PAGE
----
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In our first post in this series, we argued that if the Pennsylvania General Assembly chooses to cut taxes in the budget that begins on July 1st, it should limit the cut to less than $1 billion per year and focus the benefits of the cut on low- and moderate-income Pennsylvanians.

There is one plan that meets both of these criteria perfectly: a state earned income tax credit.

The federal earned income tax credit (EITC) is a program that puts more money into the pockets of low- and middle-income families by giving them a credit against the taxes they pay. It was a program created by the Nixon administration and expanded under subsequent Republican presidents. It has traditionally been supported by Republicans who believe, correctly, that it encourages and makes it possible for people with low incomes to enter and stay in the job market.

No federal program, other than Social Security, reduces poverty as much. Twenty-nine other states have expanded the benefits of a federal EITC by enacting a state EITC. Pennsylvania should follow their lead. A state EITC is a relatively inexpensive program. And it is a program that would be easy to implement.

The federal earned income tax credit gives workers a credit against their taxes. And the credit is refundable, which means that even if they pay no taxes they can still receive the benefit. The tax credit begins when workers earn their first dollar and increases to a maximum income of about $12,000 for a one-worker family with one child and about $17,000 for a married couple with three children. Then it gradually declines when families hit a higher threshold, so there is no benefit cliff.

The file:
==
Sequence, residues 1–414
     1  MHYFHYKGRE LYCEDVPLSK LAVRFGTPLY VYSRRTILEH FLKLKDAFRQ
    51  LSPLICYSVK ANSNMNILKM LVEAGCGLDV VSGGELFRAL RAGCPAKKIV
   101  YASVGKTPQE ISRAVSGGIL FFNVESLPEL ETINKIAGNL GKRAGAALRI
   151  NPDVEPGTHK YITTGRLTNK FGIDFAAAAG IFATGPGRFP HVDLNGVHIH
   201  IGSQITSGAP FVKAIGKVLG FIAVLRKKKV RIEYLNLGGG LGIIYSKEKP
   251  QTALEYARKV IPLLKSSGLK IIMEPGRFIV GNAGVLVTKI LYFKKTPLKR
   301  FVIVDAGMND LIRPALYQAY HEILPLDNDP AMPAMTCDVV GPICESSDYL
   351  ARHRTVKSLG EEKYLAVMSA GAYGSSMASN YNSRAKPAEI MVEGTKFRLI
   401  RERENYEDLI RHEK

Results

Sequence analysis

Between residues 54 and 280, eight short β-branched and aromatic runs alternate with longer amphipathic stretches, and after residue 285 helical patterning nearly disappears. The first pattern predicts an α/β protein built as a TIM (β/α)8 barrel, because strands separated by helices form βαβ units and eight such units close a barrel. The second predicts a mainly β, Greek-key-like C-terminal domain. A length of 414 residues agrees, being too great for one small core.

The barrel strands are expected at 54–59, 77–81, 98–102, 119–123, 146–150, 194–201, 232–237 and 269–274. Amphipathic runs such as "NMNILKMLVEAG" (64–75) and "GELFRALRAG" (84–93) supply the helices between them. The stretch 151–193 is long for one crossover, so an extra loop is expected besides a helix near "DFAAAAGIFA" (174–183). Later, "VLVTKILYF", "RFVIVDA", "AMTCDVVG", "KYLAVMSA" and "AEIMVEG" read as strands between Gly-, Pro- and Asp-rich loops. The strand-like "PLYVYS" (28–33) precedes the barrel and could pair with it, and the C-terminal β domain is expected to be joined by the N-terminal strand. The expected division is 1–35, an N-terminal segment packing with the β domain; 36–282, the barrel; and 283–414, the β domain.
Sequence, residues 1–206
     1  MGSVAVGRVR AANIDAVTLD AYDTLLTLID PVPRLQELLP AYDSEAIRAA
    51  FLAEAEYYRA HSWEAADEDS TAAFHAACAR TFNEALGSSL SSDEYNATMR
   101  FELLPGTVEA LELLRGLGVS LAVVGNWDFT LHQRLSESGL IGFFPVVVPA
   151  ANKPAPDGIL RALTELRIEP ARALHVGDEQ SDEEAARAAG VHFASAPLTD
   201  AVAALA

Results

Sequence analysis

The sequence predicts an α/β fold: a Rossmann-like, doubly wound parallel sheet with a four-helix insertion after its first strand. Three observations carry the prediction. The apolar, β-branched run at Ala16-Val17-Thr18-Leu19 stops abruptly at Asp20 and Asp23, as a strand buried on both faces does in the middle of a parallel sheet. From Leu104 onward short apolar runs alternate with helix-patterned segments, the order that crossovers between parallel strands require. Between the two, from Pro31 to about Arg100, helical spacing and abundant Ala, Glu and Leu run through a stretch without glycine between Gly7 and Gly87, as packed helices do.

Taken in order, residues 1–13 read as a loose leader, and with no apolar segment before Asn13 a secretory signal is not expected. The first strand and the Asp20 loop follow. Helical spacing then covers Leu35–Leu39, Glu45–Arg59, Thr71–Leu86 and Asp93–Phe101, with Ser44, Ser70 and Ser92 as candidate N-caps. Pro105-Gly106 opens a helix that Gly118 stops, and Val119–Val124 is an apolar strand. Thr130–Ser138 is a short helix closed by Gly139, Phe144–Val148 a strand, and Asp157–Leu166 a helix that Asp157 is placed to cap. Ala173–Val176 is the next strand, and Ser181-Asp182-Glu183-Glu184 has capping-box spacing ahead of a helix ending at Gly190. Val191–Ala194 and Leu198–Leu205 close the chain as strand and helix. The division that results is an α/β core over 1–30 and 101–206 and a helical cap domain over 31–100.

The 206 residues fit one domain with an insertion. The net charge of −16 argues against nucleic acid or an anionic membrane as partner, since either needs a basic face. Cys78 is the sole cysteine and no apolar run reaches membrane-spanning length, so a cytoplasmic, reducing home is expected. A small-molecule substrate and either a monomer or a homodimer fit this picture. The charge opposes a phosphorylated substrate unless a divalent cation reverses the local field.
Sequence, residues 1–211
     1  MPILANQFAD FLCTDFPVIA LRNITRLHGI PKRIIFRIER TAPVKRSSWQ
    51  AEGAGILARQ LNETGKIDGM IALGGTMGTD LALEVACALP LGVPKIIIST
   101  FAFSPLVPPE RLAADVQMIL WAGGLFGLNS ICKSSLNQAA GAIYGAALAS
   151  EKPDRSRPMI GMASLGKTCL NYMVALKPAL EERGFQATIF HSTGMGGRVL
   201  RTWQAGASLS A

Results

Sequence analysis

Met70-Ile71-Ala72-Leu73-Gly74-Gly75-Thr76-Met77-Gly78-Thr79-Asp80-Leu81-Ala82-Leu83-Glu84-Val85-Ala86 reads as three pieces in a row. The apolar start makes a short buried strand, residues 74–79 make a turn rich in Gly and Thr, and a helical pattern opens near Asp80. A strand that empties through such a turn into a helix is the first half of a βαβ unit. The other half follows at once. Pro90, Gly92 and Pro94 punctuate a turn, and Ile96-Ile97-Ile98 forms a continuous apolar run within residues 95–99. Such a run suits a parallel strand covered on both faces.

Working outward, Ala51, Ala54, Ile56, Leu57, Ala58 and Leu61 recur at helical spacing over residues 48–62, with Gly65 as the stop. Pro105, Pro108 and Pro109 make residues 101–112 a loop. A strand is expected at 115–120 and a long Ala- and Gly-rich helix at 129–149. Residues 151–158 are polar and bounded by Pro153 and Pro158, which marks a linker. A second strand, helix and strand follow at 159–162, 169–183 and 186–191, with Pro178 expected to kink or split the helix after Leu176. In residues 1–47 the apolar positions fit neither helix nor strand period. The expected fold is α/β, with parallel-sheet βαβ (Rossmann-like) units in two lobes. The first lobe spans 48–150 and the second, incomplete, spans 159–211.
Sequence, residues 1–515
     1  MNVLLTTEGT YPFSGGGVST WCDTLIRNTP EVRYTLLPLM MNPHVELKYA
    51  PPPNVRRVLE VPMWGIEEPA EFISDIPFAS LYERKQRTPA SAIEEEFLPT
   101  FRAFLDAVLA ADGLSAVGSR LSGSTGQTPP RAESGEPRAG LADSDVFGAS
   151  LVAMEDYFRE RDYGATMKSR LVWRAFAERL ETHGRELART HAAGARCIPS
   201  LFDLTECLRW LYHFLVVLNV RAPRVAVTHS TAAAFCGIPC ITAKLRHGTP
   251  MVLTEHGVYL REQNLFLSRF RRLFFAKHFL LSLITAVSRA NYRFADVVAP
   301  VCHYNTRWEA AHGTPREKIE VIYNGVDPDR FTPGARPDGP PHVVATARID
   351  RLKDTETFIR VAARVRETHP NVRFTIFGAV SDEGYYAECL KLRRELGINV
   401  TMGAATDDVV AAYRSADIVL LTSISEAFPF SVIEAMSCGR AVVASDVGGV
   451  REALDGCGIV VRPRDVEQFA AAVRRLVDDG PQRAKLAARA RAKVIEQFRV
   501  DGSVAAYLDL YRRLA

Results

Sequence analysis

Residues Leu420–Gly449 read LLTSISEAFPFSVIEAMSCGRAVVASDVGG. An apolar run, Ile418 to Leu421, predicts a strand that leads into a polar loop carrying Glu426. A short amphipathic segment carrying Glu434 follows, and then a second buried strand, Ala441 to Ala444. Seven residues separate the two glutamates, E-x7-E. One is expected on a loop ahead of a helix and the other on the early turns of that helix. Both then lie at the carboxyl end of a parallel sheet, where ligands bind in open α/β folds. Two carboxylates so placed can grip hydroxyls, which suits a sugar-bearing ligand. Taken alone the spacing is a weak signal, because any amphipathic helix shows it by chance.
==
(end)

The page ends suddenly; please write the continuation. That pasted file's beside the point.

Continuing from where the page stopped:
The state tax credit is simple to claim and administer. We propose that Pennsylvania’s earned income tax credit be set at 30% of the federal credit. Claiming it would require taxpayers to simply enter their federal tax credit on one line on the PA-40 tax form, which would be done automatically by tax software.

The program would benefit 1.45 million families in the state. The average tax cut for those who receive it would be $773. Almost all of EITC benefits—88.5%—would go to Pennsylvania families earning less than $52,100 (and those above that level who received any benefit typically have three or more children). The average income of those who receive EITC benefits is $27,500.  Roughly 40% of the families who would benefit from a state EITC do not currently benefit from the state’s tax forgiveness program.

While it would be a good idea to increase the benefits and lift the income limits on the state’s Tax Forgiveness program, the state EITC would provide greater benefits to families with lower incomes because it is refundable.

We estimate that a Pennsylvania earned income tax credit would cost the state $775 million.

An additional benefit of the state earned income tax credit is that it would encourage more families who are eligible for the federal EITC to claim it—right now, about 15% of those who are eligible fail to do so. An added incentive to claim the federal credit could bring about $43 million federal dollars into the state that are now left on the table.